For you, the reader, who is presumably not Lakota, the message of the story is that First Nations people are natural experts of health and you can join in their closeness to the Earth by being empathetic to their struggle and respecting their way of life.

It is also the job of all spiritual practitioners to heal the Earth, and in turn, the Earth will heal us and provide us with medicine.

Another deity you ought to be educated on is Corn Mother, who is of the South West people. The legend of Corn Mother varies from one chrome to the next. The details of the story that are most important are: That Corn Mother makes a continual sacrifice of her own body in order to feed her children. 

Corn Mother shares some similarities with the Goddess Demeter or Ceres, who is also a self-giving mother, who considers the symbol of corn sacred to her, who presides over fertility, who is thought of as “the law-bringer” or as an authority on morality and childbirth. 

Occult singer Wendy Rule made a concept album dedicated to the story of her daughter, Persephone.

Ceres is closely associated with a goddess that predates her, which is Terra. Terra is often considered the wife of Uranus. Festivals or rites that once were held in Terra’s honor may have been transferred to Ceres.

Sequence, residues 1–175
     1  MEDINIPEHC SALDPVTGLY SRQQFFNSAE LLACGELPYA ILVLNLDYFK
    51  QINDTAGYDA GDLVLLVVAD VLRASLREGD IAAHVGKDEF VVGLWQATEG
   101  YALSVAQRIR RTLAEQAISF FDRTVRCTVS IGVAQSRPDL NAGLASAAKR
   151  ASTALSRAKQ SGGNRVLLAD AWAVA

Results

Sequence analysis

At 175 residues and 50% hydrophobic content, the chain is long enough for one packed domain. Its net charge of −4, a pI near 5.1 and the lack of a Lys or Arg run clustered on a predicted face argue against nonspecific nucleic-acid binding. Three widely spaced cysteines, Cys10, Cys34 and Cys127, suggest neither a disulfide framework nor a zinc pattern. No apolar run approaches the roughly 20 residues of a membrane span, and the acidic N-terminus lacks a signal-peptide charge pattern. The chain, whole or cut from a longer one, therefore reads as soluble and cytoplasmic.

One rite that did not transfer was the sacrifice of a pregnant cow.

The sister and wife of Saturn, known as Ops or Rhea, is also a mother goddess of corn. Her name means plenty. 

The Wikipedia of this goddess says, “Her children were Jupiter, Neptune, Pluto, Juno, Ceres, and Vesta. When Saturn learned of a prophecy that stated his and Opis' children would end up overthrowing him as leader, he ate his children one by one after they were born. Opis, being the loving mother that she was, could not just stand by and let all of her children be eaten by her husband. So, instead of feeding Saturn their final child Jupiter, she wrapped a rock in swaddling clothes, and fed that to Saturn instead of Jupiter. Opis then went on to raise Jupiter, and then helped him free his siblings from their father's stomach.”

Another Goddess you should be aware of is Pachamama.

Pachamama fulfills all of the Goddess of Abundance archetype traits. Revered by the people of the Andes, she is the Goddess of Earth and Time (concepts that envelope virtually everything). 

Symbols that are sacred to her are potatoes and coca.

She has enough creative energy to sustain life on Earth. She rules over agriculture.